A Novel Dilemma

Lessons Learned

1. Don't be easily discouraged. Even experienced marketers have trouble introducing a new type of product. Retail-store and distributor buyers are always afraid of making a mistake, and you might have to approach them several times before they'll listen seriously to your sales proposition.

2. Distributors will make room for a winning product. One of the confusing factors about the market for inventors is that every buyer wants to carry the next hot product, yet they also fear handling new products. The reason for the contradiction? Only one out of hundreds of new products will become the next big thing.

Your job is to show the buyer your product has a chance. If you generate publicity, find success by selling the product at fairs and shows, acquire endorsements from people who are important to the market or highlight a success story, buyers will listen.

3. Understand your target customer and the distribution channel. Most inventors who succeed have learned virtually everything about their target customer and market, or they've aligned with someone who does. From a retail buyer's perspective, inventors come and go in a big hurry. So expect them to be skeptical of your staying power, especially if you don't seem to know the ins and outs of your chosen distribution channel.

4. Watch your money. Your money will run out quickly if you have to move from one distribution channel to another. You may need new packaging, and you'll definitely need to attend trade shows regularly to meet new distributors. This all costs money, and you won't be able to attack a second market if your money runs out. Inventors should always spend their money slowly, but this is particularly true when a product lacks an established distribution channel.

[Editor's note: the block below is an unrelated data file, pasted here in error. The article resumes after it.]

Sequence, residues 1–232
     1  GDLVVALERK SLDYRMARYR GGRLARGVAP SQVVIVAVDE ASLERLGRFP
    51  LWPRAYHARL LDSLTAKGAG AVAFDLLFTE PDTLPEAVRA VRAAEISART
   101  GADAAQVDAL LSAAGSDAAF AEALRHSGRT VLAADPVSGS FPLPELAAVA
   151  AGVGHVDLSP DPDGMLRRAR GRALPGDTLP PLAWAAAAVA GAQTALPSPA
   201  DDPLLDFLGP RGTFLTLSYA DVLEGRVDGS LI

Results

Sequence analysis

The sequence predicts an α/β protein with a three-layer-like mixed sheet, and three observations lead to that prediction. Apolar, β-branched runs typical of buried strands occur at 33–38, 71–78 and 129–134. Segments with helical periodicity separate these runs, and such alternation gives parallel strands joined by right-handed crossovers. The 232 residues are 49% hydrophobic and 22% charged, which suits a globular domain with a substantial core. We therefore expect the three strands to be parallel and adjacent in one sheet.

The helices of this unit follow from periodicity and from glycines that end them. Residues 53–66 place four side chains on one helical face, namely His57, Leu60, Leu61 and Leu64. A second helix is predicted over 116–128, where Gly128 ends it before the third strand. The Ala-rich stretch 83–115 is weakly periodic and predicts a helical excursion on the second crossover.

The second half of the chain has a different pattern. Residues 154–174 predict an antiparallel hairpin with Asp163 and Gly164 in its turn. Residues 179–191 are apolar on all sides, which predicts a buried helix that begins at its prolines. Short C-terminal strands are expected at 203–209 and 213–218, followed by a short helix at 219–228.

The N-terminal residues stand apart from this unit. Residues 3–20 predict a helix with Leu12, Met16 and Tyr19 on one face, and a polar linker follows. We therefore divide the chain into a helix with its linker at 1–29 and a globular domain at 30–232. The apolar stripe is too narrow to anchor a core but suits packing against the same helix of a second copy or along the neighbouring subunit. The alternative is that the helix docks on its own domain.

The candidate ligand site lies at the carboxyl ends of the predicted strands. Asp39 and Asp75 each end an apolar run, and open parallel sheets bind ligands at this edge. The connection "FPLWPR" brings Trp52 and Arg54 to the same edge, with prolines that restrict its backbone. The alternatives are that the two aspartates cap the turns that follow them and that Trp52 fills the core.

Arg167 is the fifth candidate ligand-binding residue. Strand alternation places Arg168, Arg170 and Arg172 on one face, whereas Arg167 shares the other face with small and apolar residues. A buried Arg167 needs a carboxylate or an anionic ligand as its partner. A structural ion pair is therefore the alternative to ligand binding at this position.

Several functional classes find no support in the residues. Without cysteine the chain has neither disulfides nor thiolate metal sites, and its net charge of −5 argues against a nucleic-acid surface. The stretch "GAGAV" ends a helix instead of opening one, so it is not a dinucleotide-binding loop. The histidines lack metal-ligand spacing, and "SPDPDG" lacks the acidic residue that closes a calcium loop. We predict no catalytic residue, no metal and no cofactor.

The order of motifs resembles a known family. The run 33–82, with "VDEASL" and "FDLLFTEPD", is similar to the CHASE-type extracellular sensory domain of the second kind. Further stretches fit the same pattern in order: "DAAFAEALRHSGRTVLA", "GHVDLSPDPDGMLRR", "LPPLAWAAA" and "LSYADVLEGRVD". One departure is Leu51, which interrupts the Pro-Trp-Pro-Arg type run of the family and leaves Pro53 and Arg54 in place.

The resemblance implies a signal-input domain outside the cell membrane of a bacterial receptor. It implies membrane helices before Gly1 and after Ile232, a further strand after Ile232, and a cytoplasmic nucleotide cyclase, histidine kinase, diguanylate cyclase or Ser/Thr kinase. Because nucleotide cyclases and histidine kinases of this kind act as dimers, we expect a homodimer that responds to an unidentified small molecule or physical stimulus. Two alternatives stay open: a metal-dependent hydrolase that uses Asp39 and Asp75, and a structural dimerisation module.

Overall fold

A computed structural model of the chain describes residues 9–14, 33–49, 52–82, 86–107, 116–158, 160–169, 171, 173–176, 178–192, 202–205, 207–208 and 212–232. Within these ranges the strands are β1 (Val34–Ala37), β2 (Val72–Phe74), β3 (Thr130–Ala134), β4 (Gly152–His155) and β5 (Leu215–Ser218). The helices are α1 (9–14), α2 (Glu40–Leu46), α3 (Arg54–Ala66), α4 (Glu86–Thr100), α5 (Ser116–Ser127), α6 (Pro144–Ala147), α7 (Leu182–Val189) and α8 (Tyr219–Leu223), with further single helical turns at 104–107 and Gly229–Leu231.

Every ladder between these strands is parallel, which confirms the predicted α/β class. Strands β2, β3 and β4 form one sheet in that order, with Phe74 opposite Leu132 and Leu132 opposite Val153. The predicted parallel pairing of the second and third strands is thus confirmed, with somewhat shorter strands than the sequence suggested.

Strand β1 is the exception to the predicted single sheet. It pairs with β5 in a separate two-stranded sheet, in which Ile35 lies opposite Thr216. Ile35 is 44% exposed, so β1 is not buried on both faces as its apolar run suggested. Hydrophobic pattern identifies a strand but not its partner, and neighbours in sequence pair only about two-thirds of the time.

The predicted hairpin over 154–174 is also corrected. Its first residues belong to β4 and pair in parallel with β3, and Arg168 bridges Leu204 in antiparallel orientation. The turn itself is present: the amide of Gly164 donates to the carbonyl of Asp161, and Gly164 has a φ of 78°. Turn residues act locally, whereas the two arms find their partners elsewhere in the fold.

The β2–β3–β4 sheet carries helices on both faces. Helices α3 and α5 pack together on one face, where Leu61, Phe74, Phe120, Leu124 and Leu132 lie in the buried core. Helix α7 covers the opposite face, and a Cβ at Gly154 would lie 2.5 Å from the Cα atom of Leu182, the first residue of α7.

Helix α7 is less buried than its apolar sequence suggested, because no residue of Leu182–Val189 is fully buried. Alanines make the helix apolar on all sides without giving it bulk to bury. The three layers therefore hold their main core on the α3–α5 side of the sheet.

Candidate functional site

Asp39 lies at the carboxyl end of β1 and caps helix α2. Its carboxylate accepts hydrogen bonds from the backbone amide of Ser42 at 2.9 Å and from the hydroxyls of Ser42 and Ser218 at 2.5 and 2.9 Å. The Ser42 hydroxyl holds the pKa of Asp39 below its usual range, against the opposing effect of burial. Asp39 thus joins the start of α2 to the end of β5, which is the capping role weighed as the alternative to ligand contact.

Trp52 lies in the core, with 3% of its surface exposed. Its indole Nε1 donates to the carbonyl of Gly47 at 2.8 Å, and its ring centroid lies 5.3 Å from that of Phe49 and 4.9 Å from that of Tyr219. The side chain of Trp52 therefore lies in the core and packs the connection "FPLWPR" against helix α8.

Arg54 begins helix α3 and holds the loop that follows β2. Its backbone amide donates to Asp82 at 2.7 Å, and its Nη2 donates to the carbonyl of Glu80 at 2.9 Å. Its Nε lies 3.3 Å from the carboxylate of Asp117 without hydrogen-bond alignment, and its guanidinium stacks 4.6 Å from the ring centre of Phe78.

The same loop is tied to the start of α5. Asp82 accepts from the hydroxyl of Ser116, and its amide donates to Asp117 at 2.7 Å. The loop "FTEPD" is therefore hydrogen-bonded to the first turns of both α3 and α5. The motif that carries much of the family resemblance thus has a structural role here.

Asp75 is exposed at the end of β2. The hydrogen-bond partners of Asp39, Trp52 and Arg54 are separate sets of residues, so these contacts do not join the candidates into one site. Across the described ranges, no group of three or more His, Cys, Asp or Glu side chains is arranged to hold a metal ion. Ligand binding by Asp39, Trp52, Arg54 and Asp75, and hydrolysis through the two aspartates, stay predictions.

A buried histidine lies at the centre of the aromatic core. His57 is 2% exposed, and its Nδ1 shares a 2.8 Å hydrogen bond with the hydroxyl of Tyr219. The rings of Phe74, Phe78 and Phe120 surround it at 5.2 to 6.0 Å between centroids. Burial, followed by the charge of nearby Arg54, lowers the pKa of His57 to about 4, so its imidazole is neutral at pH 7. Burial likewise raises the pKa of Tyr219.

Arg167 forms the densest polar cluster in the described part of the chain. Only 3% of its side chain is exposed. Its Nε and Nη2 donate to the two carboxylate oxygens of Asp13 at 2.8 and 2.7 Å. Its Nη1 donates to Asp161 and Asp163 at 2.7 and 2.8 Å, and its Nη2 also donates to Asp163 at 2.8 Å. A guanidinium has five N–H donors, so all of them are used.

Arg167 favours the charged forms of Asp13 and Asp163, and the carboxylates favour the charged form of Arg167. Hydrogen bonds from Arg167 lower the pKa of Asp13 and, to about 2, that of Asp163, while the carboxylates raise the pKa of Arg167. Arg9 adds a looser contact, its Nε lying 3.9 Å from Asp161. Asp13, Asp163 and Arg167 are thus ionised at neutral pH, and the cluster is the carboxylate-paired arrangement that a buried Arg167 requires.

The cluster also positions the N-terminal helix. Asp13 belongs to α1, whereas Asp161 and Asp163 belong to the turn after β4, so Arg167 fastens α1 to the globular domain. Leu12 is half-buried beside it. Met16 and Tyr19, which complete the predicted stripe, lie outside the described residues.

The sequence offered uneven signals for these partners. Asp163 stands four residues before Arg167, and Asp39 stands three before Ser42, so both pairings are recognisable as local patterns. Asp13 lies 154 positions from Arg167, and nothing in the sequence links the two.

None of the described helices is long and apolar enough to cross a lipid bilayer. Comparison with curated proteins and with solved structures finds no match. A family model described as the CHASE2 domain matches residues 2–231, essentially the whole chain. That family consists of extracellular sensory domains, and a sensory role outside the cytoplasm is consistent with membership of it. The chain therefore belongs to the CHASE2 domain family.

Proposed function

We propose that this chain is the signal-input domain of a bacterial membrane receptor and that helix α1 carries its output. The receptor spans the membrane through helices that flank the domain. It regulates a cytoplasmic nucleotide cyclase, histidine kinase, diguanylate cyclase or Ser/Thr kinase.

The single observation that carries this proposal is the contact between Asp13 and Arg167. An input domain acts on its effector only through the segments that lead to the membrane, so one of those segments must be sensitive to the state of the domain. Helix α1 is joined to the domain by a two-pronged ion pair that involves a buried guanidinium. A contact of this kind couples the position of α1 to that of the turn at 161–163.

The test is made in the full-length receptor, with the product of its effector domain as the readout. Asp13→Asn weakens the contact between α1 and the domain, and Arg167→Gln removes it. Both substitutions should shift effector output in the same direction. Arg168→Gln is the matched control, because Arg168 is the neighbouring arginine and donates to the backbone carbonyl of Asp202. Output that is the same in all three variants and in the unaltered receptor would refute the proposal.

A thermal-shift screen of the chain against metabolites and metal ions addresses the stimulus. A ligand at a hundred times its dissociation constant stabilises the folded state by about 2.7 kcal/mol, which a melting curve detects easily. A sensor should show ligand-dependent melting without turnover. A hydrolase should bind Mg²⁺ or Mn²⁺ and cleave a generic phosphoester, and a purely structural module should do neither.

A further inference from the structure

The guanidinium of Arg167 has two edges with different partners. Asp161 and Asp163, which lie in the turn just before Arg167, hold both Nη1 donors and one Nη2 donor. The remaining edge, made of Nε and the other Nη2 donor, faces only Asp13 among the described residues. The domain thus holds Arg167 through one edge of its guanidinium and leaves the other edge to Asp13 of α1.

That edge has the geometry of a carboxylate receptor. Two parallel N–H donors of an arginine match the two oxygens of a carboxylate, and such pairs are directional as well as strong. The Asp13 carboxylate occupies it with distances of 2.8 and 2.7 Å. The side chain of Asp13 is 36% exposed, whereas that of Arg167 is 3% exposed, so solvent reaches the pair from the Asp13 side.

5. Big companies are a hard sell in tough times. One mistake inventors often make is to assume that a big company is an easy sale. In reality, just the opposite is true. Big companies move slowly and are rarely the first ones to take on an innovative product, primarily because so many people need to approve each major decision. And that's in good economic times. When the economy slows, big companies are more interested in cutting costs, which typically means little innovation occurs.

Are you stuck figuring out how to make a prototype or the design of your final product? Do you need stronger or lower-cost materials? The Thomas Register of American Manufacturers, available at most larger libraries and online, is the place to look. This resource, composed of more than 20 huge volumes filled with product information, provides information on most suppliers for virtually every type of component, from cheap fasteners to million-dollar production equipment. Many of the companies have even included a product catalog in the register.

To find what you're looking for, search under the appropriate category, then call the companies and explain what you need. If they can't help, they'll most likely refer you to someone who can. Don't just call one or two firms-call them all until you've determined who fits your needs best.

Don Debelak is the author of Think Big: Make Millions From Your Ideas. Send questions to dondebelak34@msn.com.

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This article was originally published in the June 2003 print edition of Entrepreneur with the headline: A Novel Dilemma.

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